Maritime History of the Great Lakes

Scanner, v. 34, no. 3 (December 2001), p. 3

The following text may have been generated by Optical Character Recognition, with varying degrees of accuracy. Reader beware!

3. Season's Greetings - cont'd. tain mailing costs; those who contributed historical items for sale for the benefit of T. M. H. S. and those who bought them; those who put on entertain­ ment programmes for us and those who attended them, and all of the many who supported us with their continued membership in the Society. And now it is time to pass along to you those same words which we say every year at this time. Repetitive they may be, and even unimaginative, but they are sincere, come from the heart, and mean so very much. We can think of no better way to speak of the coming of Christmas and of our inevitable passage into a new year. We are saddened that several of our old friends no longer are here with us to make that passage, but we know that they have "crossed the bar" to a better place and await us there. Many of our members are closely associated with the lake shipping industry. It is our hope that the 2001 navigation season was for them as pleasant, safe and profitable as possible under the circumstances. To those who were touched by adversity, you are in our thoughts. We wish for all of our sai­ lors, vessel operators and historians the very best for 2002. The coming year just has to be a better one for us all. But now, as our memories of a long, hot summertime and an unseasonably warm autumn fade away, as the skies and waters of our Great Lakes take on the fa­ miliar grey pallor of winter and we work to secure the insulation that we hope will keep the nasty weather on the outside, as the winds rage and the blowing snows obscure the horizons, and as the "smoke" rises from the cold waters, the lake ships scurry to collect and deliver their last cargoes of the year before they seek the calm and safety of winter quarters in snug ports. We wish them all safe passage. And to all of the many members of our large chosen family, the Toronto Ma­ rine Historical Society, we take this opportunity to extend to all of you our very best wishes for a very Merry Christmas and for all possible Happi­ ness in the New Year. Take care, dear friends, and may 2002 bring to us all an increased measure of love, warmth, security, good health and success in all of our endeavours. * * * * * WINTER LAY-UP L I S T I N G S Once again, we will feature in our February issue the listings of ships laid up at our lake and river ports, not only to preserve the record but also so our members may travel to distant ports to see the boats wintering there if so desired. So once your local port has welcomed its winter fleet, please drop us a note as soon as possible to identify all lay-ups there. You may write to the Editor at the address shown on the cover, you may phone eve­ nings to (416) 921-8436, or e-mail us at jay.bascom@sympatico. ca In addition to major commercial ships, we like to include tugs, ferries and other interesting craft. Please include them in your lists but be certain to note what kind of vessel is being named to avoid confusion at our end. Thank you for helping with this annual endeavour. Please make sure that your lists reach us no later than January 24th. Any subsequent listings will have to wait until the March issue, and by then spring almost will be here! * * * * * CORRECTION RE THE SOO FERRIES In our feature article of the November issue, mention was made of an inci­ dent of July 27, 1957, wherein a car and trailer slipped backwards off the deck of one of the Soo ferryboats when she was leaving her dock. However, the article identified the ferry as AGOMING whereas, in fact, the incident involved the JAMES W. CURRAN. We regret the error. * * * * *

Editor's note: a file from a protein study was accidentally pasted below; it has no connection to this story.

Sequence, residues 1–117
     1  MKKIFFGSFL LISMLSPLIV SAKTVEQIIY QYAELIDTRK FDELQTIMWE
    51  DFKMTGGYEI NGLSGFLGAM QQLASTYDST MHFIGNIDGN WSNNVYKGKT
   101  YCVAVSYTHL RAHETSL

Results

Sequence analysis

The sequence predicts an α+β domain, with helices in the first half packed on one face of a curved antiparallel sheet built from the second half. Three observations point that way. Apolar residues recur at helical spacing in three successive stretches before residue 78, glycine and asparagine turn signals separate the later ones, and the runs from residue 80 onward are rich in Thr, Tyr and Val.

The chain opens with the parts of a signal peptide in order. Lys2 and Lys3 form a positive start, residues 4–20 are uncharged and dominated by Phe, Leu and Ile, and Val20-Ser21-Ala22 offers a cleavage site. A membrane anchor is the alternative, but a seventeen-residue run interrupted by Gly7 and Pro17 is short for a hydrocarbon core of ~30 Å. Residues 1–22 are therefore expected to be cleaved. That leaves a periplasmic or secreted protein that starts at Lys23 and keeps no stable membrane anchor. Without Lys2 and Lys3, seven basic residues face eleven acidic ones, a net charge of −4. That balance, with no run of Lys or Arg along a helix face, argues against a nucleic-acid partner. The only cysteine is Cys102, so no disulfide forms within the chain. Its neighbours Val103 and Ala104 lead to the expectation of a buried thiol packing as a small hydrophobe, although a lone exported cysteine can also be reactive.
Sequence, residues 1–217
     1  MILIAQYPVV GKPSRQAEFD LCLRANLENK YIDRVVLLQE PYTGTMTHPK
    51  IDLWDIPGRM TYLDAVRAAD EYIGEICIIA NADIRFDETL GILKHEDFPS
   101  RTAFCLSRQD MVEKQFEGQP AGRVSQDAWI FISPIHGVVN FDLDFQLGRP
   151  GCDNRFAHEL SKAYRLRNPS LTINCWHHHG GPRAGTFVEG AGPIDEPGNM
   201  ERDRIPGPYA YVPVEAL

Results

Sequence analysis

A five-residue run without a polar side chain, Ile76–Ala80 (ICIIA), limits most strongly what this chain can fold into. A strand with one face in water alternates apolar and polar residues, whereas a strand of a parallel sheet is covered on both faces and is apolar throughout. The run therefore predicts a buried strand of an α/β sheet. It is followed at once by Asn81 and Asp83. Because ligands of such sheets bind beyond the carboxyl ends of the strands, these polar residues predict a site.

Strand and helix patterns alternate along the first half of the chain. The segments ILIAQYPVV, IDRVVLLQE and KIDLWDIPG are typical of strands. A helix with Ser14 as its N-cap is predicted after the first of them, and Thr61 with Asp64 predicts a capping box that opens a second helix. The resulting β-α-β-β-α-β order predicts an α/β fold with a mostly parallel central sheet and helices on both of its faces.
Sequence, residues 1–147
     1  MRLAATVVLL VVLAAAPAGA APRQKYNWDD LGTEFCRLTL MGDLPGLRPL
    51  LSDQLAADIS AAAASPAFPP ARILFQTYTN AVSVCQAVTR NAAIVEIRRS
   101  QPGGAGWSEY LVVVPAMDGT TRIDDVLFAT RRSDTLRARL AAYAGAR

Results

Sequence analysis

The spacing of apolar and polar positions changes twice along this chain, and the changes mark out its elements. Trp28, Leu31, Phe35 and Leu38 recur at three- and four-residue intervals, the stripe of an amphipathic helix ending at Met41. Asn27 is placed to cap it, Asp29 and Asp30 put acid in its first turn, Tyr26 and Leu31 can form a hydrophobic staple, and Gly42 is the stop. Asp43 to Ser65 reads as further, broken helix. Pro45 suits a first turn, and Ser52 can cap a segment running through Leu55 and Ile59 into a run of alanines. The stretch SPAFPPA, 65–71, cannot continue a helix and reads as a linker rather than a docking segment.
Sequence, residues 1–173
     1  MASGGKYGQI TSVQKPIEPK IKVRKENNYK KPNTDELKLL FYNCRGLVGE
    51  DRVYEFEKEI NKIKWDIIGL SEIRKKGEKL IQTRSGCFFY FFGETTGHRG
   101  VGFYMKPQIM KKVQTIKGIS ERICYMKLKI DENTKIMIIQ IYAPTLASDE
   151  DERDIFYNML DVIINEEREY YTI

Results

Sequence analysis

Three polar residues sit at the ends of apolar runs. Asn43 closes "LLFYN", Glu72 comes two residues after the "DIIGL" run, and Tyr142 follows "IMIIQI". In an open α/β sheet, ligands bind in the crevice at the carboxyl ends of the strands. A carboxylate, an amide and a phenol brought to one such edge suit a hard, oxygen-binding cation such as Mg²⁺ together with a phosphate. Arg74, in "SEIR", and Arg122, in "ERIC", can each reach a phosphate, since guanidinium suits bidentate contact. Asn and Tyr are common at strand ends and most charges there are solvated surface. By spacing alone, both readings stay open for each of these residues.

Powered by / Alimenté par VITA Toolkit
Privacy Policy